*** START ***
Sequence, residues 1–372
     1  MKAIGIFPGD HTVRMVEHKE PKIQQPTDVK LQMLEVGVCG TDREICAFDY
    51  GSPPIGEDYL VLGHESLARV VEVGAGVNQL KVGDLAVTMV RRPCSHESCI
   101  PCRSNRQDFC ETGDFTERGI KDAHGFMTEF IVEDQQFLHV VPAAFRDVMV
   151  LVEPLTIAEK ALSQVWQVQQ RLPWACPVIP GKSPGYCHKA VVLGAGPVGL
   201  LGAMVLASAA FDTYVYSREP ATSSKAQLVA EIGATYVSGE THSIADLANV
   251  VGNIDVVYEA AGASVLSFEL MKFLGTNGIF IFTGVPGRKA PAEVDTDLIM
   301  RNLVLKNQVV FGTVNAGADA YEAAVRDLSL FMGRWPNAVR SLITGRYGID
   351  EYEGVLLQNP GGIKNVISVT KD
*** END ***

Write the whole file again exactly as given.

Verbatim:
Sequence, residues 1–372
     1  MKAIGIFPGD HTVRMVEHKE PKIQQPTDVK LQMLEVGVCG TDREICAFDY
    51  GSPPIGEDYL VLGHESLARV VEVGAGVNQL KVGDLAVTMV RRPCSHESCI
   101  PCRSNRQDFC ETGDFTERGI KDAHGFMTEF IVEDQQFLHV VPAAFRDVMV
   151  LVEPLTIAEK ALSQVWQVQQ RLPWACPVIP GKSPGYCHKA VVLGAGPVGL
   201  LGAMVLASAA FDTYVYSREP ATSSKAQLVA EIGATYVSGE THSIADLANV
   251  VGNIDVVYEA AGASVLSFEL MKFLGTNGIF IFTGVPGRKA PAEVDTDLIM
   301  RNLVLKNQVV FGTVNAGADA YEAAVRDLSL FMGRWPNAVR SLITGRYGID
   351  EYEGVLLQNP GGIKNVISVT KD